Friday, December 10, 2010

Software: Beyond the Arduino Environment

Arduino devices are simple, yet powerful physical computing devices. The people behind Arduino set out to make the hardware and software more accessible for beginners and non-techies. They have done this very well by abstracting the hardware, and the more "dangerous" details software development, into a simple, powerful, yet easy to understand programming interface.

Arduino Java Based IDE
The standard "out of the box" Arduino IDE (Integrated Development Environment) is a program based on Java. Which is a great environment for the beginner. It allows the development of simple programs ("sketches") that can be uploaded to the hardware requiring only a USB cable attached to your computer. But it lacks things like hardware simulation and debugging. For that, more sophisticated tools are needed.

Peeling away the surface of Arduino reveals that it is just a set of electronic components based on a microcontroller (which one depends on the Arduino model). There already exists software development and programming tools for these chips, often made available free by the chip vendor. So, the solution is to get a hold of these tools. For the Arduino API, since it is open source, the Arduino folks make the code available for free as well (it comes with each release of the Arduino software).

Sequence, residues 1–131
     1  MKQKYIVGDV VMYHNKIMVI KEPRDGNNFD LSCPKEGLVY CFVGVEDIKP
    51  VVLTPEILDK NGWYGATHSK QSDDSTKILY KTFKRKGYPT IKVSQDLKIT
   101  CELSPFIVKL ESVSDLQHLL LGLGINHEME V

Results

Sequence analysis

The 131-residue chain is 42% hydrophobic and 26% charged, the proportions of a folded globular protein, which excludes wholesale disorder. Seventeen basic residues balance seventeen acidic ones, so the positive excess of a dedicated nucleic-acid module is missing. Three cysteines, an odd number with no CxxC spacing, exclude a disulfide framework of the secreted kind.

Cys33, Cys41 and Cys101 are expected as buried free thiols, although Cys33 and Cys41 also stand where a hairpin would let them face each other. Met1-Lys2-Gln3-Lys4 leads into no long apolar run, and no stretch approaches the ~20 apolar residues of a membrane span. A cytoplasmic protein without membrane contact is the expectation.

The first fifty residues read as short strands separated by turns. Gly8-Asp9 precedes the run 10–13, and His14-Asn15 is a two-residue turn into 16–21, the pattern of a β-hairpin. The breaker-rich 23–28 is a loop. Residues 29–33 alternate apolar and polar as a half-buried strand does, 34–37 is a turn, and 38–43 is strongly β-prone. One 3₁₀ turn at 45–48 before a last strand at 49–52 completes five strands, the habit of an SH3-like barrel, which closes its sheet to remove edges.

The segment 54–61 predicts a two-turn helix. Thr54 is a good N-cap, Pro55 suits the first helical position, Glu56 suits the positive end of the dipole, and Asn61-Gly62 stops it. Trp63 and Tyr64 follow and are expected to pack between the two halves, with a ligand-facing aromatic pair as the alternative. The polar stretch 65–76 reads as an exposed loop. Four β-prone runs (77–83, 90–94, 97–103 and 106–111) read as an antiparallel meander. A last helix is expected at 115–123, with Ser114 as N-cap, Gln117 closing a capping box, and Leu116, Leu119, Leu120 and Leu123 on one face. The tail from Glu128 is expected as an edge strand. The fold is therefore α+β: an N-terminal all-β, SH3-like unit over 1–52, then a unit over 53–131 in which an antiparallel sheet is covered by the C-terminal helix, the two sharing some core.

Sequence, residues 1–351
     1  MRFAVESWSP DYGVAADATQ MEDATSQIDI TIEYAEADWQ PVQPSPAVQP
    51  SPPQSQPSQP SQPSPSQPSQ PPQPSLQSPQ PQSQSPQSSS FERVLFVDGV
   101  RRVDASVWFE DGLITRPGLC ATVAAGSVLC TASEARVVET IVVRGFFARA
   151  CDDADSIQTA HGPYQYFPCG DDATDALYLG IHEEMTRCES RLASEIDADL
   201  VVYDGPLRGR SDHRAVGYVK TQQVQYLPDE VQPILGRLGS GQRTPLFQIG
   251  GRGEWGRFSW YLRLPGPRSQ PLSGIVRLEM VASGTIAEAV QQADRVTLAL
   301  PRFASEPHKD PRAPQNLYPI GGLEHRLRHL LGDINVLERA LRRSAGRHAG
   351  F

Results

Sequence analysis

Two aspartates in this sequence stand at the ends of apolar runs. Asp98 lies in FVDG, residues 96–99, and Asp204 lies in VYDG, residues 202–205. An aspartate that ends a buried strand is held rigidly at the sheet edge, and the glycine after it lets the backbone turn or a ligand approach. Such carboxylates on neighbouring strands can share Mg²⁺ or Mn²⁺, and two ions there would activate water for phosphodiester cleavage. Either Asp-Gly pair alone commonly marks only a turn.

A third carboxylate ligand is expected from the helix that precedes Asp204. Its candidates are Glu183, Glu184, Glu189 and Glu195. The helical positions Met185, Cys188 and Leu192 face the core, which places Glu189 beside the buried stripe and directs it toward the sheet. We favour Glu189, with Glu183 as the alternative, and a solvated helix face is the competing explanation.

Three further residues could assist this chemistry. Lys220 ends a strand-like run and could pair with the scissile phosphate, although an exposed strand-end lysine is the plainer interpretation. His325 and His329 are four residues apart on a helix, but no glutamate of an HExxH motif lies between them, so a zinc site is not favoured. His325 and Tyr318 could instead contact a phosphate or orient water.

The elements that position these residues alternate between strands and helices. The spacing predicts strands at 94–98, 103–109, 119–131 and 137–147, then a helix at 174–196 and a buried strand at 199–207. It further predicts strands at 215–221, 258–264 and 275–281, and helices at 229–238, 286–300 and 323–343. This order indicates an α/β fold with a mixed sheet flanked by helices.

AVR Studio IDE
These new software bits are WinAVR and AVRStudio. They include the tools, code files and utilities to help code, debug, and flash upload your Arduino. Setting the tools up can be a bit of a challenge, especially if you are new to programming. Luckily, there a number of tips and tutorials on the internet to help with setup (Google WinAVR, AVRStudio and Arduino).

Where I am at now is, I managed to port my "engine room lighting application" project from the Arduino IDE to the AVRStudio IDE. Now I can more easily code and debug C/C++ code to control the device. Woo hoo!

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